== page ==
Giving Compass' Take:

• Food Tank interviews Indian chef Anahita Dhondy who cooks with millets, providing people with an opportunity to discover how beneficial smart foods are for their health, farmers, and the planet.

• Smart foods are highly nutritious and climate-resilient, and these traits allow them to address issues related to poor diet, poverty, and climate change.

• Here's an article on empowering Kenyan women with nutrition and smart food education. 

Since the moment Anahita N. Dhondy—Chef Partner at SodaBottleOpenerWala, Cyber Hub Gurgaon in India—discovered the benefits of millets, she has been devoted to advocating for these traditional grains. “It is so important,” Dhondy says to Food Tank. “[Traditional grains] are good for yourself, good for farmers, and most importantly, good for the planet. You don’t want [agricultural] areas to be completely barren. And these crops actually put nutrition back into the soil.”

Traditionally, Indians have consumed millets as pilau, porridge, and bread. In recent years, though, millets have been considered “not cool enough as an ingredient,” according to Dhondy. Millets take longer to cook than other grains, and preparing a traditional dish can often be a long and tedious process. “Now the number of kilos of millets that are produced has gone down terribly because people are not cooking with it anymore,” Dhondy tells Food Tank. “We have kind of lost touch with these ingredients.”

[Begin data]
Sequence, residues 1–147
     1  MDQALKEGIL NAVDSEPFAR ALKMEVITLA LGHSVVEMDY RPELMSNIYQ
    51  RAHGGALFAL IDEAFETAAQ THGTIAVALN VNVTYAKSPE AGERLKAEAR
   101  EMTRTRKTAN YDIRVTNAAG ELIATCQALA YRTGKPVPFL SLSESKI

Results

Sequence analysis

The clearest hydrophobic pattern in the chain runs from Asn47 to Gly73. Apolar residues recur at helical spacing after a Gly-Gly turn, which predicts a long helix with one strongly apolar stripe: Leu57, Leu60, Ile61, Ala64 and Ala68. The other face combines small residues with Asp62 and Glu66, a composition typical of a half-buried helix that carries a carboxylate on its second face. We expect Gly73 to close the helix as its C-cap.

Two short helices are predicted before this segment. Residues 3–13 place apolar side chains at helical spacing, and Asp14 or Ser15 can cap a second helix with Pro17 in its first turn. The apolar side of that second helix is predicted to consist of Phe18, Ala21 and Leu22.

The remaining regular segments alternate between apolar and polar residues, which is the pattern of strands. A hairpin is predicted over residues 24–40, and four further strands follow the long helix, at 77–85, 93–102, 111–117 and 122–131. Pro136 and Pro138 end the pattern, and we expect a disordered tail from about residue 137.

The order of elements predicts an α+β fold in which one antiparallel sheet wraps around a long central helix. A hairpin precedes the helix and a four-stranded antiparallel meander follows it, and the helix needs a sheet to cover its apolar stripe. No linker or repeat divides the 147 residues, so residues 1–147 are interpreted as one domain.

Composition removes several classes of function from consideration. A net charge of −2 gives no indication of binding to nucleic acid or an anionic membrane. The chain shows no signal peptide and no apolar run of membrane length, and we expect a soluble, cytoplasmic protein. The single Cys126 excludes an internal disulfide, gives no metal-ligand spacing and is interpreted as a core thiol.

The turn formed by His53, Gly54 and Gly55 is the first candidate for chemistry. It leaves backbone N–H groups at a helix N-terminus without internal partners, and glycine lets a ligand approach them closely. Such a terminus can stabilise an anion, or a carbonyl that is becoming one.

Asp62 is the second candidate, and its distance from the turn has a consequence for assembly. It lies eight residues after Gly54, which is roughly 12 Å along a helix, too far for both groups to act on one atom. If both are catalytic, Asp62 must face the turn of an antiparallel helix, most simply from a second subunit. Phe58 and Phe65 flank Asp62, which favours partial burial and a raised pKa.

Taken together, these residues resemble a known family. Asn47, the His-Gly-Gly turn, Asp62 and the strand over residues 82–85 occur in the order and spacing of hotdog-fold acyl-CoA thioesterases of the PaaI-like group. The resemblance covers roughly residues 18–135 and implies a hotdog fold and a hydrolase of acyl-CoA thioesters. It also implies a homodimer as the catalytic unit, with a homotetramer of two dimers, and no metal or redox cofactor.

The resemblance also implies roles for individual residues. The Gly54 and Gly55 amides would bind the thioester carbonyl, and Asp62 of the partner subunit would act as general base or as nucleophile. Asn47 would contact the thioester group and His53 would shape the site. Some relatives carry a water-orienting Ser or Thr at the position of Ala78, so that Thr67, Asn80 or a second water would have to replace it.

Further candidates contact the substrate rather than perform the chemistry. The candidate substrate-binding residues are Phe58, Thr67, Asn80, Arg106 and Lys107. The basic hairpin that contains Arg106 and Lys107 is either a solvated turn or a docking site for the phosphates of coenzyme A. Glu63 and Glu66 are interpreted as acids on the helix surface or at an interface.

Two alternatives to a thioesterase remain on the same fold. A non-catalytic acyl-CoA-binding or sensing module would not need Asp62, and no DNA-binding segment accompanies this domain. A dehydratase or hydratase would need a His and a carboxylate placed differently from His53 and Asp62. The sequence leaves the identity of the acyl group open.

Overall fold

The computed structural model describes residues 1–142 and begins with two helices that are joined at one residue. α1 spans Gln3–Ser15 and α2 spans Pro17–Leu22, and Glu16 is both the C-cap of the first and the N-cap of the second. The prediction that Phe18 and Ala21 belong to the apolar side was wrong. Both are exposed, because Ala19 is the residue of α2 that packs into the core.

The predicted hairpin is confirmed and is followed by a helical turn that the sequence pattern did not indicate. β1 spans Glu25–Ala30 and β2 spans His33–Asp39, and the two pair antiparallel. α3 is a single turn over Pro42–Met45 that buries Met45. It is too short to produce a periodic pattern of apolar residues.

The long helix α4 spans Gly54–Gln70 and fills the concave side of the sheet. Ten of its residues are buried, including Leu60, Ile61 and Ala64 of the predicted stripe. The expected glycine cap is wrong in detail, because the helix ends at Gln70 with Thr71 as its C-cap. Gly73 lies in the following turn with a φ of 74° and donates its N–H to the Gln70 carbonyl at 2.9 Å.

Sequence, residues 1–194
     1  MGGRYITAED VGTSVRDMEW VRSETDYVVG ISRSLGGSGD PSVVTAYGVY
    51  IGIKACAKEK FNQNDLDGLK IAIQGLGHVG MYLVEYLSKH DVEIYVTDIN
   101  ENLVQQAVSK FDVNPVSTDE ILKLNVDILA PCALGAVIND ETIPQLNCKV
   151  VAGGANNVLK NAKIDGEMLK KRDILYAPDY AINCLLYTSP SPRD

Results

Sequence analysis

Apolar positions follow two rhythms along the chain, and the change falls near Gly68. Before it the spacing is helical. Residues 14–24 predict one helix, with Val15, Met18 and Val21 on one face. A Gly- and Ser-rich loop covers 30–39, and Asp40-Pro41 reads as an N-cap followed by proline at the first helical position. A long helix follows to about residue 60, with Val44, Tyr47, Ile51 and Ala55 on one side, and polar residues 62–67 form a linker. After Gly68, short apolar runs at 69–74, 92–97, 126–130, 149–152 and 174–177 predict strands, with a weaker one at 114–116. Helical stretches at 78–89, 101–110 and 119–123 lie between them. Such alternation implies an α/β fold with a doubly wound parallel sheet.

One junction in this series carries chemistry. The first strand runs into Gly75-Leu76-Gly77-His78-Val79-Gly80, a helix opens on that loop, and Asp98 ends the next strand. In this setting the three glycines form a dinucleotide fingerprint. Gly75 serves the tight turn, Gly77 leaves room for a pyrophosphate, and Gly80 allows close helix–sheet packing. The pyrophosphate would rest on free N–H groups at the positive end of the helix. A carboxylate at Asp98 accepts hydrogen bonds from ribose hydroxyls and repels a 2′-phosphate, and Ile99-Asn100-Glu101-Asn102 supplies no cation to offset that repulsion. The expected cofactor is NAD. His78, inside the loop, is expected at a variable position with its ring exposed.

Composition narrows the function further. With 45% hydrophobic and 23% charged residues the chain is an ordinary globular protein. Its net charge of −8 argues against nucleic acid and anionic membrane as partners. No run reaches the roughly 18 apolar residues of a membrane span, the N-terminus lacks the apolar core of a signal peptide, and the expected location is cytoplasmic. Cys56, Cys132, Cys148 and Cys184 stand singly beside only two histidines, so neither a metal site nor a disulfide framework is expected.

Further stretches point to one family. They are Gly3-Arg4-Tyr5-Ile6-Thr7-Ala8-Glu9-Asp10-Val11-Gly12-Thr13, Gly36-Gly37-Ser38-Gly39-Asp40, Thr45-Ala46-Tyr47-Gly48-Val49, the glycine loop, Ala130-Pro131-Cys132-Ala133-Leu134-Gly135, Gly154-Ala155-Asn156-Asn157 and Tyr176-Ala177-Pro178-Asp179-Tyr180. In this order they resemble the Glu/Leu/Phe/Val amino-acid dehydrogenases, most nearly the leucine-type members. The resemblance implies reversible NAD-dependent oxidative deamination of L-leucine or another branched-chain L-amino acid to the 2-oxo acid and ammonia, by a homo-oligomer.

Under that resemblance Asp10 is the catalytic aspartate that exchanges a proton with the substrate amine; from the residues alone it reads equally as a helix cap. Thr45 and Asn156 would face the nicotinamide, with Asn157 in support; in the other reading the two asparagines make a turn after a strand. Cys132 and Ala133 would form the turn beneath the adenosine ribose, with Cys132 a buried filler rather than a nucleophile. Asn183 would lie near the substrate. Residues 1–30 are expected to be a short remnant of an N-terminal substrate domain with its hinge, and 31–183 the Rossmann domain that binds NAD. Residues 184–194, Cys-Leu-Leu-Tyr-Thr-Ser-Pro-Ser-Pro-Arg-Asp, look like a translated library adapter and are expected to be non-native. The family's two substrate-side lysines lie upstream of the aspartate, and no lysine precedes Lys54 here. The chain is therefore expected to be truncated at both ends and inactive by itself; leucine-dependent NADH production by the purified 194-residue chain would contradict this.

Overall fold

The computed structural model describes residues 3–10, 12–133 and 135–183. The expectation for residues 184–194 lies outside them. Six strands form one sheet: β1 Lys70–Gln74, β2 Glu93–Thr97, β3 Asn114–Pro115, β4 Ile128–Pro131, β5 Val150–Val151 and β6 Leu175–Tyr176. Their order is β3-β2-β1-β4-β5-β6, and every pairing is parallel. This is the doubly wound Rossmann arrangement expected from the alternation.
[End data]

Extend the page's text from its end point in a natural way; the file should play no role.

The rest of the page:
“I try to make [cooking with traditional grains] a little simpler because I know people don’t have as much time than they did earlier,” Dhondy says. She tries to develop recipes that are relatable for young audiences and easy to prepare. She cooks a couscous-like millet salad as well as millet and okra salad: a few of her favorite recipes. Amaranth and mango halva, another one of her favorites, appears on her menu when mango is in season. “There is a lot you can play around with,” Dhondy says. “When [people] can taste and try it [in the restaurant], then they can go back and create those dishes at home or they can buy ingredients.”

Read the full article on smart recipes by Min Hyun Maeng at Food Tank.